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Civil Rights Sit-in

Photo, Greensboro Woolworth's Seat Counter, Intl Civil Rights Ctr. and Museum
Question 

When did the Jackson, Mississippi sit-in take place? Was it before or after Woolworth's ended its segregation?

Answer 

The practice of segregated seating at Woolworth’s lunch counters gained national headlines after the Greensboro (NC) sit-ins of 1960. Woolworth’s declared it would continue to abide by its official policy of following “local custom” (i.e. segregated seating in the South). Even as they reported “progress” from time to time in the number of integrated stores in the Woolworth’s chain, they did not abandon the “local custom” policy.

On May 28, 1963, civil rights activists staged a sit-in at the Jackson, Mississippi Woolworth’s lunch counter to protest its segregated seating. There were, at first, two African American women and one African American man from nearby Tougaloo College who took a seat at the lunch counter. They were later joined five other Tougaloo students and professors, white and black. The protestors were attacked by a white mob that punched, spat, screamed obscenities, poured hot coffee, syrup, salt, pepper, and mustard over the protestors until the police, who had been standing idly by, moved in. The vivid pictures from the event turned a local protest into a mass movement against segregation in Jackson.

The sit-in galvanized Jackson’s black community and caught the attention of the Kennedy Administration. Two weeks later, one of the movement’s leaders, Medgar Evers of the Southern Christian Leadership Conference, and a World War II veteran, was murdered in Jackson by local Ku Klux Klan member Byron De La Beckwith, putting even greater pressure on local leaders and the Kennedy Justice Department to ease tensions. The Kennedy Administration helped broker an agreement between local African American leaders and the mayor’s office to promote a few black city workers and to hire a small number of black police officers to patrol their own neighborhoods. In return, the local leadership of the black community agreed to call off protests and demonstrations, much to the chagrin of younger African American activists.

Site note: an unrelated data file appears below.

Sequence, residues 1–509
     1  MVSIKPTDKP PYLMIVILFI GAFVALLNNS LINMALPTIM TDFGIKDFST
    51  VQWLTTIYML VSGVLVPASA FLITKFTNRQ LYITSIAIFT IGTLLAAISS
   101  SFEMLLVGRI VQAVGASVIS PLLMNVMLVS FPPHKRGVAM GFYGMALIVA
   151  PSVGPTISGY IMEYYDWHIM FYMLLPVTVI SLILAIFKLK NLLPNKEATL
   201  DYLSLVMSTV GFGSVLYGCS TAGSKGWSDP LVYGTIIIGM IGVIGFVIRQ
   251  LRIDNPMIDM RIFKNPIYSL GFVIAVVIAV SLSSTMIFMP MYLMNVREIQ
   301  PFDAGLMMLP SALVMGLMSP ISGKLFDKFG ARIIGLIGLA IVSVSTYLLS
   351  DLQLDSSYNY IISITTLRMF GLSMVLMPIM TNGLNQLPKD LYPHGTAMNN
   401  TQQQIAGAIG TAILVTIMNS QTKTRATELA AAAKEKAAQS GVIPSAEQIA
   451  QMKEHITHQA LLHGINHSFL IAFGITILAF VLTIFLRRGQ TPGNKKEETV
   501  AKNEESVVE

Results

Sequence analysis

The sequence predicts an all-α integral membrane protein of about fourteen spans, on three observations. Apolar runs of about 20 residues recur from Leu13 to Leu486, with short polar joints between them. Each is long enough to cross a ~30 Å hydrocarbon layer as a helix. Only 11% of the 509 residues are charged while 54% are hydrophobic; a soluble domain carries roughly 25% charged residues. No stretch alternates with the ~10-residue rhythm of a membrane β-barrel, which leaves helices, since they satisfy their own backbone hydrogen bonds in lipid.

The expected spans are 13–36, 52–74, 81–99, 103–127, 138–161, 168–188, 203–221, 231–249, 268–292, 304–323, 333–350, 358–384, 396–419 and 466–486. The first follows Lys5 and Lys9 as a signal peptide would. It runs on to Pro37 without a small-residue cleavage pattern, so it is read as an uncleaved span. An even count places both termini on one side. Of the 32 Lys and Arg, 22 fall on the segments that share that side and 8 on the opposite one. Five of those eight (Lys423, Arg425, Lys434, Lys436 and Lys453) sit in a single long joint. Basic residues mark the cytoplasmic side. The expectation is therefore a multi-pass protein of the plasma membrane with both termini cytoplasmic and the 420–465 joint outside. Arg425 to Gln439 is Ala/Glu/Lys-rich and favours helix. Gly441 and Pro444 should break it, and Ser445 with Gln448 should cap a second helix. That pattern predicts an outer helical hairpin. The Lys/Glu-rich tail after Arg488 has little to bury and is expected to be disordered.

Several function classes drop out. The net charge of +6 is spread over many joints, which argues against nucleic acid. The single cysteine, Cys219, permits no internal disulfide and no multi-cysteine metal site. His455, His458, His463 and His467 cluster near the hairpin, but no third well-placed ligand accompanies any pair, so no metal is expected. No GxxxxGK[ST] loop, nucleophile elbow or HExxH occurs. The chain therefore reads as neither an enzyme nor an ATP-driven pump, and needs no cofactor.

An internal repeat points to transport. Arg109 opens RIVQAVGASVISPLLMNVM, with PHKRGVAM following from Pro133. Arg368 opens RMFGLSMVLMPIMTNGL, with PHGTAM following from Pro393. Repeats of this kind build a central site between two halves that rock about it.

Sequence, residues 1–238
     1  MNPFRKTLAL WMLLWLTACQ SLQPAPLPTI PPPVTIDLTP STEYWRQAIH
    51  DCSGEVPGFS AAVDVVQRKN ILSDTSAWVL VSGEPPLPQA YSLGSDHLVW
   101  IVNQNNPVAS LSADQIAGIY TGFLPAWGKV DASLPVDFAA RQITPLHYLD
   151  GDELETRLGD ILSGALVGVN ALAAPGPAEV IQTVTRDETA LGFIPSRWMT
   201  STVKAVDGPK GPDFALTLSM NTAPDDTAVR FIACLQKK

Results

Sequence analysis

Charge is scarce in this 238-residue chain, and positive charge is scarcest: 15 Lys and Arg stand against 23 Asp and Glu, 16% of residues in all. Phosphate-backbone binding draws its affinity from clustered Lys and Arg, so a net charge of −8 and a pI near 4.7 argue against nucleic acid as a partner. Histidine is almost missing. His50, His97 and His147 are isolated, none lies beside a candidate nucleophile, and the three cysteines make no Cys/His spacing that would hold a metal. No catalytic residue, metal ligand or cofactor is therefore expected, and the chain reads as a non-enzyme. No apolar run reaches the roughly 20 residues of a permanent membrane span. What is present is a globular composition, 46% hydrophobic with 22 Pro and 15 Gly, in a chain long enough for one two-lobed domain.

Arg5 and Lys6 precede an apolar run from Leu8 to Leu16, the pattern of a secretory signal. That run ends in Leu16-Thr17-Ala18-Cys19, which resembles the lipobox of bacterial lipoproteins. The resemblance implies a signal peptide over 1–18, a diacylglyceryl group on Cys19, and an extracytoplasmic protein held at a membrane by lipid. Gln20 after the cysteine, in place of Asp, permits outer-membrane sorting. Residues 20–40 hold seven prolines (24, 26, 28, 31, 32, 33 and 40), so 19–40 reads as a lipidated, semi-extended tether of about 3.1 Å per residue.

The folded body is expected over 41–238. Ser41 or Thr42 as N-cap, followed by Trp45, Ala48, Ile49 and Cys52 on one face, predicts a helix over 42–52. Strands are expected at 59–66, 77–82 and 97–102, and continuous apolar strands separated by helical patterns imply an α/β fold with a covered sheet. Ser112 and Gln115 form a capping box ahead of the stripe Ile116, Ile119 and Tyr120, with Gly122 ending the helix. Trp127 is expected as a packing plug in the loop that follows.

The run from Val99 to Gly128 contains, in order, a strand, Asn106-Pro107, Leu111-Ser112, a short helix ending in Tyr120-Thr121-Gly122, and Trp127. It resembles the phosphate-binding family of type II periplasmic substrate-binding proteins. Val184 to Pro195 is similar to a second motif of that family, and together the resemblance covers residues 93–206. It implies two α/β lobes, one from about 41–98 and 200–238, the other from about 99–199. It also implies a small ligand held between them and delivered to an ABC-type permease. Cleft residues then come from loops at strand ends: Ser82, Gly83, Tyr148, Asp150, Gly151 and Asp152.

Hoping to avoid further disturbances, the owner of the Jackson Woolworth’s closed the lunch counter shortly after the sit-in. Public accommodations in Jackson remained segregated until passage of the Civil Rights Act in July 1964. Woolworth officials at that time announced that the company would “now be able to serve all its customers in all its stores on a desegregated basis.”

For more information 

Branch, Taylor. Pillar of Fire: America in the King Years, 1963-1965. New York: Simon and Schuster, 1998.

Moody, Anne. Coming of Age in Mississippi. New York: Bantam Dell, 2004.

International Civil Rights Center and Museum

Pitrone, Jean Maddern. F. W. Woolworth and the American Five and Dime: A Social History. Jefferson, NC: McFarland & Company, Inc., 2007.

Veterans of the Civil Rights Movement *for iconic images of the sit in scroll to the bottom half of the page*

Bibliography 

Civil Rights in America: Racial Desegregation of Public Accommodations. The National Historic Landmarks, Cultural Resources, National Park Service, U.S. Department of the Interior, Washington, D.C. (accessed December 1, 2010).

Dittmer, John. Local People: The Struggle for Civil Rights in Mississippi. Champaign, IL: University of Illinois Press, 1994.

“Jackson Seizes 19 in Racial Protest.” New York Times, May 30, 1963.

“Woolworth Posts Sales Gain, Defends Exclusion of Negroes.” New York Times, May 19, 1960.

Wright, Gavin. “Southern Business and Public Accommodations: An Economic-Historical Paradox.” Paper presented at Business History Conference, Sacramento, California, April, 2008.

“3 In Sit-In Beaten At Jackson Store.” New York Times, May 29, 1963.

F.W. Woolworth Company went

F.W. Woolworth Company went defunct in 1997.

Is the woolworth store still

Is the woolworth store still in Jackson? If so, is it a museum?

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